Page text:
I am not a competitive swimmer but I am a triathlete and I do flip turns when I swim. I also tell the clients I coach that they should do flip turns. They always say to me they don’t have flip turns in a triathlon. I realize that but it still provides many benefits to your swim in the pool and open water to learn how to do flip turns. Most people can do them and if they can’t it doesn’t take too long to learn. The reason most people don’t like to do them is they feel as if they can’t recover from it and get enough air back to continue to swim. It takes a bit of time to build your lung capacity to feel comfortable doing them. At first it may seem like more work but once you build your lung capacity you will never want to go back to the touch and go method of swimming. You will get comfortabledoing them consistently in a week or so. It just takes persistence. Here are some reasons doing flip turns will help your swim in the pool and in the open water.
- Touching the wall and turning provides a break, as small as it may be it’s a break and in triathlons you don’t get a break. Flip turns don’t allow for any break it’s a continuous effort. Just try swimming in a 50-meter pool compared to a 25-meter pool. If you are a touch and go person you will find it far more difficult.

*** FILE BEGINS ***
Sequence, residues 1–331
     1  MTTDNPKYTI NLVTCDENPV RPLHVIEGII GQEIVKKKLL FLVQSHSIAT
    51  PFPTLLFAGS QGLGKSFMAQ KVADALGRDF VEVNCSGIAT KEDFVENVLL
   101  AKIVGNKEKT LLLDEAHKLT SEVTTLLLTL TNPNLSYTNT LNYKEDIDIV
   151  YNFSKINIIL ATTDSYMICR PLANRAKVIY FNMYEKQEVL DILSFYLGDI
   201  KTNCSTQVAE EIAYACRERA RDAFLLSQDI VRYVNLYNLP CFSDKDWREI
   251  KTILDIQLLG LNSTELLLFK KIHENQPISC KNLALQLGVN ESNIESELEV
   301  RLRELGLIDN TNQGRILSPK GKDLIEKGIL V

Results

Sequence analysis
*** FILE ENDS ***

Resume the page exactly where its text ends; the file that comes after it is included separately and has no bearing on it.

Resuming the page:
- Flip turns build your lung capacity and overtime you don’t feel like you’re running out of air when you do them. You hold your breath for a few seconds about twice a minute in a flip turn and get your lungs and rib cage used to handling more air.
- It’s like doing a crunch every time you reach the end of the pool and its great to strengthen your core.
- Improve your pool times because doing flip turns are typically faster than the touch and go method.
- Flip turns help you get into a good rhythm for your longer sets. You can focus more on your technique and form without interruptions.
- They are good to help maintain speed and forward momentum, which will translate to open water.
It doesn’t take long to learn flip turns but it does take persistence. You will feel uncomfortable but you have to force yourself to keep doing them. The hardest part isn’t learning them its getting past the feeling of running out of air. This will pass and you will feel comfortable in no time. I recently did an open water race in which the water was very choppy. When I would go to breathe sometimes a swell would not allow me to take a breath. I am glad I had the lung capacity to wait two more strokes before breathing. I think doing flip turns is probably why I didn’t swallow a ton of water in that race. I am used to going without air for a longer amount of time and it didn’t phase me in the race when I had to adjust my breathing.